Memory profile not accurate, has problems running program

I have a program that doesn't work well with the ANTS memory profiler. I have to reboot my computer, and then ANTS profiler will only do 1 memory profile. After that, it just starts the process for my program, but it never gets any CPU time (CPU time of 0:00:00), nor does it allocate more memory.

However, the performance profiling works well, running each time, and generating sane results.

My program, on start creates 64 Microsoft.DirectX.DirectSound.SecondaryBuffers, each holding 160,000 samples.

Here is the code that fills these buffers:

sound=new SecondaryBuffer(bufdesc,device);


According to the performance profiling, the lines inside the loop are run 10,240,000 times, and the code around that loop is run 64 times.

After the end of this code, the ArrayList sounds holds 64 SecondaryBuffers each holding 160,000 samples of 2 bytes each. Therefore, sounds should be 20 MB in size. However, from the ANTS profiler report, sounds is only 4,904 bytes with the children, and holds 64 objects of SecondaryBuffer type.

My thoughts is that the discrepency is due to the fact that Microsoft.DirectX.DirectSound.SecondaryBuffer doesn't have the debug info. This causes ANTS profiler to report that my program is only using 630 KB instead of the expected 20MB.

.NET Framework version: 1.0.3705
DirectX Version: 9.0 (April 2005) Assembly Version 1.0.900.0


  • Brian DonahueBrian Donahue Posts: 6,590 New member

    I'm sure that the debug information has nothing to do with the issue. This may be the case with performance profiling, which allows you to filter only on methods that have source code.

    In memory profiling, however, the allocations are taken out of the .NET runtime. I think that SecondaryBuffer could be a pointer only and the actual data resides somewhere else.

    Can you locate one of the SecondaryBuffer objects in the all objects list, look at the Hierarchy tab at the bottom of the screen, and see if it refers to another object? My guess is that SecondaryBuffer will refer you to a Byte[] object that is 320K in size.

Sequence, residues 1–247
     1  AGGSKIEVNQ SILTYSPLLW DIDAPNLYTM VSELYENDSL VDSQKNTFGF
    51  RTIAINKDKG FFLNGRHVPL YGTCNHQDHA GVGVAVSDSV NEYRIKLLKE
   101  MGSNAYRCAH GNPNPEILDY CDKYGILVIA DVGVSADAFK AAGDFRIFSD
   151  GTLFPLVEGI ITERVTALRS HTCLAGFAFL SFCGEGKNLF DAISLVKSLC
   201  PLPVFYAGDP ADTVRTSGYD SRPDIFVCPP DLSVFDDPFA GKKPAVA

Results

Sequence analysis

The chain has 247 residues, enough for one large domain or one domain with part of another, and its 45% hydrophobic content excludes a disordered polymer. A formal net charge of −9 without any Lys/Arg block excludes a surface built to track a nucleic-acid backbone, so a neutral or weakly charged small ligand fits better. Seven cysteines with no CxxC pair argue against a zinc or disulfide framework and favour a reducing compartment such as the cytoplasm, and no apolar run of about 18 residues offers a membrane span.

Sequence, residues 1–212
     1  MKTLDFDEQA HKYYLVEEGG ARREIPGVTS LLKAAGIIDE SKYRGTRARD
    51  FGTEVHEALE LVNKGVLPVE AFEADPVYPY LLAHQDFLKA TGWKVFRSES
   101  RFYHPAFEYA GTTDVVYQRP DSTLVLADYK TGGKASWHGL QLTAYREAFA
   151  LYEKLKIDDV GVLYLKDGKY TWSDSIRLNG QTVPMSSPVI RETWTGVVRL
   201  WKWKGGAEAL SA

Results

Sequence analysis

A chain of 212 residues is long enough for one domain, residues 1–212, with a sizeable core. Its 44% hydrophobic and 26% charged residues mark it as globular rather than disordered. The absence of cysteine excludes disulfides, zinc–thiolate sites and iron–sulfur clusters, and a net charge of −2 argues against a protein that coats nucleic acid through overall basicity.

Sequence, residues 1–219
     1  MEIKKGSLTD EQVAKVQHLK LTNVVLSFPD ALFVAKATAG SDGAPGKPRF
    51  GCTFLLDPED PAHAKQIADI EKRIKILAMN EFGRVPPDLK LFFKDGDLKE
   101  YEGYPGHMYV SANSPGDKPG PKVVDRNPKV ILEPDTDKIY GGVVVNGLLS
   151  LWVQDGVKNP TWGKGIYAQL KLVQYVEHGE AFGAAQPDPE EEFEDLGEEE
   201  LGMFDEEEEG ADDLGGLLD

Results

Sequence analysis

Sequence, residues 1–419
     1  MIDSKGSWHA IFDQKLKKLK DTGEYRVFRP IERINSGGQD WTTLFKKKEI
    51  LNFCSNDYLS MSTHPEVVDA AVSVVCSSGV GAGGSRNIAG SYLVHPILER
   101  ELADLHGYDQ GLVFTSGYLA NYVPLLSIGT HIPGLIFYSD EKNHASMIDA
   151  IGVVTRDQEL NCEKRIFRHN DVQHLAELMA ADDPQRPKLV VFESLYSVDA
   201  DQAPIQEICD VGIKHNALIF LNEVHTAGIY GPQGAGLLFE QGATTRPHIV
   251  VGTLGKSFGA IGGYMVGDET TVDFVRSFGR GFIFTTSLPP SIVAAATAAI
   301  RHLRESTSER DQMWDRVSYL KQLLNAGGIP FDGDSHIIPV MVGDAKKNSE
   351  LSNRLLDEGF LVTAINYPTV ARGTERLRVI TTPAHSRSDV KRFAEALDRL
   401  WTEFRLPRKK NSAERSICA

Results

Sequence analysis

• The only pointer that the SecondaryBuffer holds is the pointer to the Microsoft.DirectX.DirectSound.Device, which is 24 bytes.

    When I sort the objects in the "All" object view by size, the biggest item is a 65K Byte[] that was allocated by XmlSerializer.

    If I look at the SecondaryBuffer in the Visual Studio debugger, I can't see the data as I can with an array, which probably means that the SecondaryBuffer isn't managed code, at least for the data storage.
  • Hi there,

    my name is Tom Harris; I'm responsible for the development of ANTS Profiler here at Red Gate. I was interested to see that you are using the product with the managed DirectX libraries. I think that you have now realized where the problem lies - the actual memory is not being allocated by managed code. This is because the Microsft.DirectX.DirectSound assembly is basically just a .NET wrapper over the native implementation.

    ANTS Profiler can only profile the memory and peformance of .NET code. You will need to get a memory profiler for native code if you want to investigate the actual memory usage under the hood.

    Best regards,

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